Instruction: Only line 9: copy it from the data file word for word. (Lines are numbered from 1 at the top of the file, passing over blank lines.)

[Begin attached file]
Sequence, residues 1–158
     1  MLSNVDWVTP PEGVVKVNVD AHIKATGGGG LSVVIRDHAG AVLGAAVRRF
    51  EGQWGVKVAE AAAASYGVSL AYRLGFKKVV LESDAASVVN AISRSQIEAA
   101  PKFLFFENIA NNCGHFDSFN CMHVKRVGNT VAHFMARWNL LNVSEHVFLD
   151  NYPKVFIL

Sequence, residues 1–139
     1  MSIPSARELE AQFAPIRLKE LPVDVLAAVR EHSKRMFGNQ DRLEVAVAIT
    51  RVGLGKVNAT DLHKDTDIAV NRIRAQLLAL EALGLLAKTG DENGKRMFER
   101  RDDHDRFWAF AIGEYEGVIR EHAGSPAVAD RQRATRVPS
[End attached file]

   101  RDDHDRFWAF AIGEYEGVIR EHAGSPAVAD RQRATRVPS